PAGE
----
Mother spared jail after theft from pensioner
A WOMAN who conned her way into the home of an elderly man and stole from him has escaped a jail sentence.
Rachel Carpenter had previously been jailed for three years for a similar offence and for blackmail.
In the latest case, a judge branded the 38-year-old mother “thoroughly dishonest” but imposed a suspended prison sentence with requirements in an attempt to steer her away from crime.
Maidstone Crown Court heard that victim Peter Philpott was at home in Mersham on July 18, last year, when there was a tap on the door and Carpenter appeared in his dining room.
Trevor Wright, prosecuting, said that Carpenter asked for directions to Shadoxhurst and also wanted a glass of water. Mr Philpott, 81, instead made her a cup of tea.
Carpenter asked him how much money he had and if she could borrow £500. When he refused, she asked for £100.
She then offered him “services” in return for payment, the court heard. She suggested a massage. He laughed and declined.
While Mr Philpott was in the bedroom, Carpenter left with two pairs of trousers from the dining room. In one pair was his wallet and keys to his garage and car.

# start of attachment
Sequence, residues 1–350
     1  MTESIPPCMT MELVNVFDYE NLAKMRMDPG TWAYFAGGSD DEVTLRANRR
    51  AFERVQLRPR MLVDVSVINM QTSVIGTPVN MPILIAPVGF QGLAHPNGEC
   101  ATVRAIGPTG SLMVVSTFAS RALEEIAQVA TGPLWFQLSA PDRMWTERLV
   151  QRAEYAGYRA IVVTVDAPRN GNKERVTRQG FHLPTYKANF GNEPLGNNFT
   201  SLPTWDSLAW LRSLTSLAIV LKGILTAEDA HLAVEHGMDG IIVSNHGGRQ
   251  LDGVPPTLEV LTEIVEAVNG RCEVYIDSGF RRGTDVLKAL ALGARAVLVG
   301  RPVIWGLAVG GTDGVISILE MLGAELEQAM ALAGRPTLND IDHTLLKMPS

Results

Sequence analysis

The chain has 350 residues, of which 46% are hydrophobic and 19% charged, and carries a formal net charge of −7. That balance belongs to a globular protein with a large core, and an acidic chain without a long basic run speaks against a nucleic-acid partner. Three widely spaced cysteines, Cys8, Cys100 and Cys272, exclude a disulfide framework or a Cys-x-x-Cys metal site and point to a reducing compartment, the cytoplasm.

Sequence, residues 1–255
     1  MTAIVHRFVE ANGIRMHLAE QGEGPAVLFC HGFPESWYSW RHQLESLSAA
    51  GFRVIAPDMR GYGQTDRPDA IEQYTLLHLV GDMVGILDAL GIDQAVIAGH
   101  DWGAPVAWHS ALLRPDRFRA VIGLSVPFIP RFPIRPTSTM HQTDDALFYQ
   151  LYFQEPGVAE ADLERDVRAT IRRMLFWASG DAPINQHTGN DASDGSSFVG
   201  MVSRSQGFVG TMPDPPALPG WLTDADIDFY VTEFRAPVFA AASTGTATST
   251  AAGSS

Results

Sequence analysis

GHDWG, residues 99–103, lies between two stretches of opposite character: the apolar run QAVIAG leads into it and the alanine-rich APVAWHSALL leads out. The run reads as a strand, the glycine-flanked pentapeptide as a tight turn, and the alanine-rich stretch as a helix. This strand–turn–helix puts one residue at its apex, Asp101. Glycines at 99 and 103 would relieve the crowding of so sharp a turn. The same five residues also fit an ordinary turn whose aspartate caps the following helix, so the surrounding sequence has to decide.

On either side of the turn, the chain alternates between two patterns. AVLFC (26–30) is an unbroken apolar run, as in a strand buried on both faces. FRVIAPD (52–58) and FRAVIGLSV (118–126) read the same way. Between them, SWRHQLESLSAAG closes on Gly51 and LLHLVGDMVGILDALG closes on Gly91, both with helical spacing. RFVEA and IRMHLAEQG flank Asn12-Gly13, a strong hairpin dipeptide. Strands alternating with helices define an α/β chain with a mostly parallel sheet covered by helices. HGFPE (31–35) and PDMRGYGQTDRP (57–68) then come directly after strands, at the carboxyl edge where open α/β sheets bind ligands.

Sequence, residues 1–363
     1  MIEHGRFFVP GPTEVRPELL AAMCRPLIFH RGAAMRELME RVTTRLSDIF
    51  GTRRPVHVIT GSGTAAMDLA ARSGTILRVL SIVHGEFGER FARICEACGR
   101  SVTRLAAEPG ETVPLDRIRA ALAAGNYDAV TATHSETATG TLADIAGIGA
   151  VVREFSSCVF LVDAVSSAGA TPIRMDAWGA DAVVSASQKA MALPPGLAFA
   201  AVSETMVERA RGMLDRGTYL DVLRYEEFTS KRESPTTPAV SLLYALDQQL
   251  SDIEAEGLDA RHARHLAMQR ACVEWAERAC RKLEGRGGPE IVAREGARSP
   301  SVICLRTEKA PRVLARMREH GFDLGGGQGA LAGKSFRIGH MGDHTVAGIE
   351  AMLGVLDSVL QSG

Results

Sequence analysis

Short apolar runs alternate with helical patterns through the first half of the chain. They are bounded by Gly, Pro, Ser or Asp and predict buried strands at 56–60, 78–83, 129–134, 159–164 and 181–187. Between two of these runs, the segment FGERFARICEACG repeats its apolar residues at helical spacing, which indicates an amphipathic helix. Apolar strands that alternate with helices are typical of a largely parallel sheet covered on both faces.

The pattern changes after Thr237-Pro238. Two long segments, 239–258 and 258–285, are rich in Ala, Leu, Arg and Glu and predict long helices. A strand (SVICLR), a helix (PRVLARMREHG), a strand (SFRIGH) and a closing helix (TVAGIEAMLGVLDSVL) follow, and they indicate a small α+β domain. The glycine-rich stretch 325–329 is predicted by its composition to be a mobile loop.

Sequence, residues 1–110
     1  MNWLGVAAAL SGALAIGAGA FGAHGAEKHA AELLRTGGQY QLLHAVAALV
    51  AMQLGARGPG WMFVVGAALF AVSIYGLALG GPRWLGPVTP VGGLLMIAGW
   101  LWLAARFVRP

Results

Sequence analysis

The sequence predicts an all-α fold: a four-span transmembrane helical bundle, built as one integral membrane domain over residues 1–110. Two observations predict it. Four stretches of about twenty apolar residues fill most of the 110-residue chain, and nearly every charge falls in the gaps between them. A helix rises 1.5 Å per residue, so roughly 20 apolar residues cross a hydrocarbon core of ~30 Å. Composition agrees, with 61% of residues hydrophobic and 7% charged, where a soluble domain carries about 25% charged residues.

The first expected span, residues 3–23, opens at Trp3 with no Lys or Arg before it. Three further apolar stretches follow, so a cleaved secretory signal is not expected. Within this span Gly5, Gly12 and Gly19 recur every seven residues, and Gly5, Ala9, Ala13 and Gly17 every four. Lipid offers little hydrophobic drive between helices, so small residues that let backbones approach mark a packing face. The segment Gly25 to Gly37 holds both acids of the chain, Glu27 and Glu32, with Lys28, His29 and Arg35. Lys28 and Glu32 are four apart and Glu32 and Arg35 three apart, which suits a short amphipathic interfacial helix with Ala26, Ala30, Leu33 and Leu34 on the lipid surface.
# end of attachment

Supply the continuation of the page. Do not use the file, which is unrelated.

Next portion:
Mr Wright said that Carpenter, of Reachfields, Hythe, left behind a note, giving her name as Lucy and saying that she was available to carry out jobs for him.
On August 7, Carpenter returned to the house and told Mr Philpott that she wanted to apologise for taking his trousers. She wanted to go in but the victim refused.
“Once again, she offered him services,” said the prosecutor. “She said she gave massages and so on. He declined.”
Mr Wright said that Carpenter’s DNA was obtained from the cup from which she drank the tea.
Carpenter, he said, was liable to serve almost a year remaining from the three-year sentence imposed in April 2004.
Edward Risso-Gill, defending, said that Carpenter had been a cleaning supervisor for a pharmaceutical company. She was living beyond her means and lost her job, he said.
The mother of a teenage boy, she had been diagnosed with depression.
“Plainly, this is not a dangerous woman,” said Mr Risso-Gill.